Those that advocate for marginalized people must be careful of what they say, as they don’t get any second chances. White people can wish the death of their Arab students and retain their jobs, even when there is a recording on a reputable news site, safe in the knowledge that the morality of their race will never be questioned. White people can even become the president of the United States after bragging about sexually assaulting women.

Don’t deny it; if an Arab or person of colour did any of these things, the appropriate stereotype would immediately be applied to discredit them and their entire community.

If Arabs or any other people of colour don’t express their grievances in the exact ways people want them to, they are immediately tainted. Just look at the Black Lives Matter movement, a peaceable and just cause. A slight move that isn’t palatable to outspoken white pundits like Tomi Lahren sends everyone to an uproar, such as Colin Kaepernick kneeling during the American anthem. This starts an ongoing misrepresentation of anti-oppressive moments like Black Lives Matter, as we have seen with Lahren’s continuous absurdities that are nonetheless accepted and cheered on by wide audiences.

As Fanon’s work explains, the deviant body, or other, is always one stroke away from being discredited, where the ‘normal’, ‘correct’, or hegemonic body can make mistakes and have those mistakes represent themselves only.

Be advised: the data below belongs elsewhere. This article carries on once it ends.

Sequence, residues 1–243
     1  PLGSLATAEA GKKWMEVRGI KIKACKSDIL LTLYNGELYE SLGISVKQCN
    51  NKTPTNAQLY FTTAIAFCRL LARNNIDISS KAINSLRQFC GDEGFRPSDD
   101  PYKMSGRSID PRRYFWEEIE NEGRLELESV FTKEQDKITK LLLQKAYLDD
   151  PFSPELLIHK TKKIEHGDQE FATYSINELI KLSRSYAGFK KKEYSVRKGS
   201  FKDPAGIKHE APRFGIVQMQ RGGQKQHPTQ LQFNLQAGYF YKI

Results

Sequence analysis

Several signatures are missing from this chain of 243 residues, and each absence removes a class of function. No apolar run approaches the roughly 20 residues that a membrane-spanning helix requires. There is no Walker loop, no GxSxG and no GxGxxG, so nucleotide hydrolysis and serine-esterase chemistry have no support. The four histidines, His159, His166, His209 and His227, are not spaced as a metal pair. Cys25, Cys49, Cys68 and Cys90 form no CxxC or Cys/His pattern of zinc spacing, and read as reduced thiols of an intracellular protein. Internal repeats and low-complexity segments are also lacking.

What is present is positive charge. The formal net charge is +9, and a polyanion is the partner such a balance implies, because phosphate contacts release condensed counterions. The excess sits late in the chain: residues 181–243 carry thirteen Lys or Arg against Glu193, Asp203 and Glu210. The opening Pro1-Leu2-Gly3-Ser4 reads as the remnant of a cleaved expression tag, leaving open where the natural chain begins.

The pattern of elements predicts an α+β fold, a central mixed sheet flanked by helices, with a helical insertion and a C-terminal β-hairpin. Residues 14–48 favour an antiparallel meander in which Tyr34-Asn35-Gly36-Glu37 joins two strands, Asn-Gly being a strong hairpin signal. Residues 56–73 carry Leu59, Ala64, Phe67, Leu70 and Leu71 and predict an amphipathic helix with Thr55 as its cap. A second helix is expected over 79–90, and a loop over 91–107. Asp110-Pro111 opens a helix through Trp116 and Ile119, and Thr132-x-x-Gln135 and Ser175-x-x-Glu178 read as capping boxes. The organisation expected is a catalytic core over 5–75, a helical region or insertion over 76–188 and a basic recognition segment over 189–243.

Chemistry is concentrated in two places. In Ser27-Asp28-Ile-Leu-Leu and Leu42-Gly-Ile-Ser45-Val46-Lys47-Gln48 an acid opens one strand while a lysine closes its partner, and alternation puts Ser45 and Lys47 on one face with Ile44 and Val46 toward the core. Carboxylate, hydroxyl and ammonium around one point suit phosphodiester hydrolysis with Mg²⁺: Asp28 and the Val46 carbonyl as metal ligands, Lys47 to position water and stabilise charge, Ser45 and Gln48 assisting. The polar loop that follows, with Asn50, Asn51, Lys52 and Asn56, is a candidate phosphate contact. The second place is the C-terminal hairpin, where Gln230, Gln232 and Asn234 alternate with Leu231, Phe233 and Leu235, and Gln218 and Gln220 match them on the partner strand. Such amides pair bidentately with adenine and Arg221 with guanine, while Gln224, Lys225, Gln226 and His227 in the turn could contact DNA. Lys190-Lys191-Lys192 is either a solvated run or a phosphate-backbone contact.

There are countless examples: White, Christian men shooting up abortion clinics being instinctively accepted as “occasionally violent, fundamentalist loner[s]”’, but not terrorists. In fact, no one makes it a norm to say that these people represent Christianity.

Lonely white male school shooters are deemed simply as people whose problems are “misunderstood” and “neglected”. Instead of placing the blame on their identity or cultural values, blame is placed on other socially stigmatized properties such as autism, anxiety disorder, or OCD.

Police officers that are “just doing their job.” White male politicians that are just engaging in “locker room talk”. White sexual harassers and rapists getting light sentences, on the grounds that they don’t deserve to have their life ruined. Professors that utter death threats that get swept under the rug.

Now look at the bodies of the “deviant” and marginalized: Trayvon Martin’s murderer was acquitted amidst victim-blaming of Trayvon, where his murder was justified on the grounds that wearing a hoodie is threatening or “thuggish”. Eric Garner being choked to death for selling cigarettes under New York’s highly questionable “broken windows” policing. Muslims that continually have to apologize for terrorist groups that they’re lumped in with, or face being labelled as complicit.

People assume that Muslims must all believe, word for word, the scriptural interpretations claimed by terrorists. They cite Islam in believing in the inferiority of women due to cherry picking Quran verses; but none of these conservative pundits feel the need to claim responsibility for misogynist bible verses that explicitly call for women to veil and be silenced.

One’s standpoint dictates how they are going to be judged in their existence, actions, and activism. The failure of our administration to properly address Amr El-Orabi’s case is unacceptable, and symptomatic of the way we excuse actions of white men while closely monitoring those of marginalized groups or those advocating on behalf of them. At the very least, we should acknowledge the double standards and hypocrisy that bleed into our academic and political institutions.

I’m tired of anxiously watching Arab activists the way Fanon watched his people perform surgery – because while we anxiously watch, white people relax with the knowledge that their image shall remain untainted.